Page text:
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Jason Olson, Deseret News
Four-year-old Celtin Hawkins swelters in the heat during the mass bands performance at the Payson Scottish Festival on Saturday.

Jon Tomkinson may only be 1/32 Scottish, but that's all the burly 21-year-old needed to win the caber toss Saturday at the Payson Scottish Festival and Highland Games.

The Scottish Festival and Highland Games, hosted Thursday to Saturday at Memorial Park at 250 S. Main, offered dozens of competitors and hundreds of spectators a chance to immerse in the Scottish culture and find out if perhaps their own ancestry traces back to the misty Highlands.

West Jordan resident Tomkinson said he learned about his Gaelic ties while doing an ancestry assignment when he was younger. He discovered he had "some Scottish" in him — as did several of his friends — and the youngsters immediately embraced their heritage by practicing the caber toss.

"That's when we all started throwing fence rails," Tomkinson laughed.

And that was also before Tomkinson figured out the true objective of caber tossing is precision — not distance. Competitors pick up a long log — the caber — run with it and toss it end over end. A perfect throw lands as though the caber were an hour hand on a clock that's just struck noon. A less than perfect throw lands at an angle pointing to 11 a.m. or 1 p.m.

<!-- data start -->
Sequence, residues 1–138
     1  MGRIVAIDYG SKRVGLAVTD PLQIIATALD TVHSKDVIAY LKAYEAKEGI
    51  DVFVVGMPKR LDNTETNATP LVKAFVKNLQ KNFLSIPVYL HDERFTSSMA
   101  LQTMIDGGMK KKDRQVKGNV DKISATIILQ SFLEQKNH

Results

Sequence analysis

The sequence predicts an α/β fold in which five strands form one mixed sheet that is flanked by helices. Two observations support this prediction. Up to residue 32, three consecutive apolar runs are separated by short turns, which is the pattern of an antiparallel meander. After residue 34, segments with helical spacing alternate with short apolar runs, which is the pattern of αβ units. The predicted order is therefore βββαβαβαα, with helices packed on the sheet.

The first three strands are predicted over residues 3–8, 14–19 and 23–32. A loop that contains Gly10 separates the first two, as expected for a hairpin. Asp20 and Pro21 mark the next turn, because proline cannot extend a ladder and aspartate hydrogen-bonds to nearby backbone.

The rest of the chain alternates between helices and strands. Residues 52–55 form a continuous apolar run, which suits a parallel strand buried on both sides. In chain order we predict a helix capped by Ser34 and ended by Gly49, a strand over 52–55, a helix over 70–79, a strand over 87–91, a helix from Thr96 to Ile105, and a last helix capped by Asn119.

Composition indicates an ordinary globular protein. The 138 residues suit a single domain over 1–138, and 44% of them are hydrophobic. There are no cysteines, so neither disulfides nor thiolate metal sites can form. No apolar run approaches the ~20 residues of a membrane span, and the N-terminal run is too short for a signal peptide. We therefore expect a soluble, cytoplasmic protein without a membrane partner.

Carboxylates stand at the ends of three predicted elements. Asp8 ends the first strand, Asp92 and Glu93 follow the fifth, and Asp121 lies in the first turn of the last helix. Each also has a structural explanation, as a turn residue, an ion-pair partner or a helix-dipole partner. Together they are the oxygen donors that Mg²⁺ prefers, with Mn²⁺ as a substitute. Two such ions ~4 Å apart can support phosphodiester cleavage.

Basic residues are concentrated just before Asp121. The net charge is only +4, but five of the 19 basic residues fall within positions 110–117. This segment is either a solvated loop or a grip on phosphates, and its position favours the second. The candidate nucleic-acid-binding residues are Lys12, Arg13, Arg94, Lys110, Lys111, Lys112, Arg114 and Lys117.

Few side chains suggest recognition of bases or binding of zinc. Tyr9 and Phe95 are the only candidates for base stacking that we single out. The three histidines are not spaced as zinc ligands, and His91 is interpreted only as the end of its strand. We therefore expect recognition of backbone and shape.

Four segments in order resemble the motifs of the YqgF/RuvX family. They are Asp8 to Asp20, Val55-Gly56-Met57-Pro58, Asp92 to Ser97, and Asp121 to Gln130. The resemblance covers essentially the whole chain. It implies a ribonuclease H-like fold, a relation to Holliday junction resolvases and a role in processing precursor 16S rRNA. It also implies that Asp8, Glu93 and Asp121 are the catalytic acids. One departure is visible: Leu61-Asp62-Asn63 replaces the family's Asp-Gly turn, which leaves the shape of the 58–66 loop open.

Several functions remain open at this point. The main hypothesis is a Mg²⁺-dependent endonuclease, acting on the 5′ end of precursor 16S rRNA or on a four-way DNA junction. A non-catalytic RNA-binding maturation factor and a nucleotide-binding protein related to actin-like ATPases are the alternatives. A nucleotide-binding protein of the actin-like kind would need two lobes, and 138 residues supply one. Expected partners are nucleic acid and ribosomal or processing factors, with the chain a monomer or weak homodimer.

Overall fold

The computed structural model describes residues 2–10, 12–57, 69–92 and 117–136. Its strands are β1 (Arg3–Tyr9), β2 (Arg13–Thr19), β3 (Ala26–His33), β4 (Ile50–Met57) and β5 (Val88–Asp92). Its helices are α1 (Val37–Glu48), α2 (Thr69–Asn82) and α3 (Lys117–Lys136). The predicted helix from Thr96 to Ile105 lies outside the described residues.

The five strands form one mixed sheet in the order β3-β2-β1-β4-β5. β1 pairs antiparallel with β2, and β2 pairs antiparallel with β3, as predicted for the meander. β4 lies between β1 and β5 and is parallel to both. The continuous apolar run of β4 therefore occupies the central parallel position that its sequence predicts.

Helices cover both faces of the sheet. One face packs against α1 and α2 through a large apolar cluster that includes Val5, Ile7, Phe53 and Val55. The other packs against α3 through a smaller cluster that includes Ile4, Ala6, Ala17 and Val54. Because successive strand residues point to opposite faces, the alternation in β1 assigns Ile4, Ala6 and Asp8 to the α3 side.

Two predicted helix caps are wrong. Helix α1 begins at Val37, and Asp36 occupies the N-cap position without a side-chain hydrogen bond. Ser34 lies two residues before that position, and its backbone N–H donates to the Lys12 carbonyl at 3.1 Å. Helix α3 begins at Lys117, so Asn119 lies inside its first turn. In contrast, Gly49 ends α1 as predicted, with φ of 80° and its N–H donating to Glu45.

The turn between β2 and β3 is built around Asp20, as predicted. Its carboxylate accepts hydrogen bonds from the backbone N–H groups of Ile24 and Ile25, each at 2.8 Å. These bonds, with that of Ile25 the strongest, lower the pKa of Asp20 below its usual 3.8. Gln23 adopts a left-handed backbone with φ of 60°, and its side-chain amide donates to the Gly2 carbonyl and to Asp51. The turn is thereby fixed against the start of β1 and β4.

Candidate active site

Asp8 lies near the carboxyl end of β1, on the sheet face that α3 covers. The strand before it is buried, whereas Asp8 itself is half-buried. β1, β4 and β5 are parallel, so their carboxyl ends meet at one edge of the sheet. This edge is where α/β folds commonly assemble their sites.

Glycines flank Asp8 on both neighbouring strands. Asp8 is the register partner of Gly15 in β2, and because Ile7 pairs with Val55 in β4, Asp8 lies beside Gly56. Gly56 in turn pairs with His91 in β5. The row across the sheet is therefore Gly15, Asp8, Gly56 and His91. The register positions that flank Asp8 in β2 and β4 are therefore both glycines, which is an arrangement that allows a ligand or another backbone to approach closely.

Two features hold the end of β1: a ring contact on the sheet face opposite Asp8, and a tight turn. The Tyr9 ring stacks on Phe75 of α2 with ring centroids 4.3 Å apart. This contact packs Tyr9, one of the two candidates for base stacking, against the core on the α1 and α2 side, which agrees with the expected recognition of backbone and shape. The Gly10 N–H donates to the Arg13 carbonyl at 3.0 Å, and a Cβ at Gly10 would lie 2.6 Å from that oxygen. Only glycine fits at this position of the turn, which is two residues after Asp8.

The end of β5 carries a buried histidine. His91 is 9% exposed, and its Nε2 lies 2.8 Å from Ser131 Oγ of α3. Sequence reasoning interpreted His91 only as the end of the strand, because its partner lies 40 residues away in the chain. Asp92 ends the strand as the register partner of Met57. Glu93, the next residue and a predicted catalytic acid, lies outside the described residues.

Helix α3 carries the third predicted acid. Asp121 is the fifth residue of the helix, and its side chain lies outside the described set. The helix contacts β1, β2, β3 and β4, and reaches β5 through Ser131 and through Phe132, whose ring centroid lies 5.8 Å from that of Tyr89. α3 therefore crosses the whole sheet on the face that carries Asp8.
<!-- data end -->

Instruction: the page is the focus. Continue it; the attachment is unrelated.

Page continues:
This is the first Highland Games Tomkinson has competed in, and he won the Class C division by tossing a 15-foot 6-inch caber, weighing 85 pounds.

"The hardest part is balancing (the caber)," Tomkinson said.

Aside from the fan-favorite caber toss, the Highland Games included stone puts, hammer and sheaf toss. Numerous Scottish clans set up tents in the park and eagerly shared the story of their lineage with any one who would listen.

Kearns resident Bruce Morgan, 59, of the Mackay Clan — properly pronounced "Mac-EYE" — eagerly helped event-goers discover their Highland ties. After one particularly extensive name search, including multiple surnames, he regretfully concluded one Deseret News reporter apparently has no Scottish in him.

"Sorry," he said, patting the disappointed reporter on the shoulder.

But not to despair, Morgan said, there are several ways to become Scottish: one, be born a Scot; two, marry a Scot; three, break away from the past and join a clan — for a small yearly fee. Morgan said Scots are a good crowd to affiliate with.

"They were warriors," he said. "They were people who were fiercely independent."

Robert Matheson, 63, of the Matheson clan, said he traveled all the way to Payson from Los Angeles to extend an invitation to all Mathesons to reconnect with their Highland roots and to help people understand the influence Scots have had on the United States.

"Scots are known as survivors," he said.

Tomkinson readily admits he doesn't know much about the Scottish side of his family tree, but he's glad he's found a sport that helps him connect with the past.

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